Dream Golf Weekend: A Bandon Adventure

11/02/2011 2 comments


A little over a month ago, I sat shirtless on a doctor’s examining room table wondering if the rest of my 2011 golf season was over, with perhaps 2012 on the brink as well. My body was crumbling faster than Tiger’s knees and personal life combined. Early in September, during a casual round with my buddy Wego at Prairie Landing, I felt something pop in my right shoulder as I pulled the club back on the par 3 12th. I took it easy for a few weeks, figured I’d be fine and eventually agreed to go to Ballyneal for a long weekend with my friend Matt and 10 others at the end of September. I thought even if I couldn’t rotate my shoulder anywhere close to parallel, I’d still be able to slap it around at Ballyneal on those firm and fast conditions. How bad could it be?

The answer: really bad. I struggled to break 100 in seven rounds over four days. Matt had organized a bunch of entertaining individual and team events each round, and my presence in a foursome was the kiss of death. I finished dead last in the running points game, and second to last in the money. I even set a dubious course record by hitting a grand total of 0-of-14 fairways (on fairways averaging 70 yards wide).

Right before that trip, two great things happened to me. First, I found out that the Walking Golfing Society had named me their 2011 Walking (Wounded) Golfer of the Year. Also, I got invited to a two-day, fourball event at Old Macdonald, the newest course at Bandon Dunes Golf Resort. After I found out that Rob Rigg, the founder of the Walking Golfer Society (and president of True Linkswear shoes) had also been invited to the event at Bandon (and was to be my partner), we made plans to do our award ceremony/trophy hand-off at Bandon as well. It promised to be a dream golf weekend. Except for my mangled shoulder and what I thought could be a torn rotator cuff.

So the day after I got back from Ballyneal, for once I listened to wife’s advice, sucked it up and went to the orthopedian to get my shoulder checked out (I bet I’ve been to the doctor no more than three times in the last 15 years). He pushed, pulled, yanked and dragged my arms in various positions, some of which felt perfectly fine, others of which made my eyes water. His diagnosis was some inflammation of the rotator cuff ligament, with the potential of a slight tear. I stressed that I was a serious golfer and had one last big trip planned for the year. He gave me a cortisone shot and hoped that would be all I needed.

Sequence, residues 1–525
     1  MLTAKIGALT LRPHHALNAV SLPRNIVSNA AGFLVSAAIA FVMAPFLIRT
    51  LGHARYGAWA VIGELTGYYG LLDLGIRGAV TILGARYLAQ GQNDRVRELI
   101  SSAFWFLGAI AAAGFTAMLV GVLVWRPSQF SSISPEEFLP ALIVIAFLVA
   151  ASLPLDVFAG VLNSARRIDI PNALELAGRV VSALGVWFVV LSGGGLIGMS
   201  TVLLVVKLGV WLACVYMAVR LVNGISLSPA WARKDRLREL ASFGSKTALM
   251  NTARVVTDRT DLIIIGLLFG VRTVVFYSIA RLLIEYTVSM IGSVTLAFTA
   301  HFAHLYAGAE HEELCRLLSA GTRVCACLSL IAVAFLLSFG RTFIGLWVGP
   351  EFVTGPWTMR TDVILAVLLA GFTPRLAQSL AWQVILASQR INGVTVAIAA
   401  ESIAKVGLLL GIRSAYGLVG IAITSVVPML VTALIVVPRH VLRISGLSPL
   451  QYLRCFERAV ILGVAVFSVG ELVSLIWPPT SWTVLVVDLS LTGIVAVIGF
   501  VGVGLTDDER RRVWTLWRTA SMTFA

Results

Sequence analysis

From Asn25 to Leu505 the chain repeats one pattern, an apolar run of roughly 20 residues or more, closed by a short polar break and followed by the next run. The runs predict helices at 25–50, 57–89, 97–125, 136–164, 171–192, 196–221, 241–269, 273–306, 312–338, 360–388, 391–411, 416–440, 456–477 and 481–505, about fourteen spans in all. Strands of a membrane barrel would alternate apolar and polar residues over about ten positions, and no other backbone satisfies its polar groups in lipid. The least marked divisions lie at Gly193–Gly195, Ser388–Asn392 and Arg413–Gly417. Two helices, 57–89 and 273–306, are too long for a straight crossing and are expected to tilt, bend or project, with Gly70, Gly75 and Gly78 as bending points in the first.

Days after the shot, I felt like a new man. I could do full arm circles without pain, practiced that deeply-flawed but too-late-to-teach-a-middle-aged-dog-new-tricks golf swing in the mirror and dreamed of winning the Bandon team event in a blaze of glory. Then I took my kids to the driving range one late Sunday afternoon and woke up the next morning painfully back at Square One. I spent most of the month of October in golf limbo, dragging along a bum shoulder that didn’t exactly hurt but just felt off, like it was attached to somebody else’s body. Still, even if it meant swinging the club with one arm followed by an extended trip on the disabled list, there was no way I was missing out on a trip to Bandon Dunes.

The first and only time I had been to Bandon was back in 2006. A lot had changed for me in those five years. I went from two kids to three. Seemingly overnight, I leaped from young buck to prematurely gray. At work, I had clawed my way from senior grunt to junior middle management. I went from public golfer to a private one (and maybe back to public again). And I migrated from a two-handicap with a 50/50 love-hate relationship with the game to near double-digits but loving nearly every minute of it (other than the 0-for-14 fairway bit...that did kinda suck.)

It would be hard to top 2006's motley crew of Jimbo, my father-in-law Ken and my buddy “80-grand motha*****” Charles, but this trip had promise with Rob, my good friend and bunkmate Ben (Air Force Captain by day/turfgrass student and golf course design wannabe by night), and Matt Payne and Dave Hensley (GM and Superintendent of Ballyneal, respectively) among the friendly faces in the event. Ben picked me up at the North Bend airport, and after an 11-hour door-to-door journey, we were on our way to the greatest golf resort on the planet.

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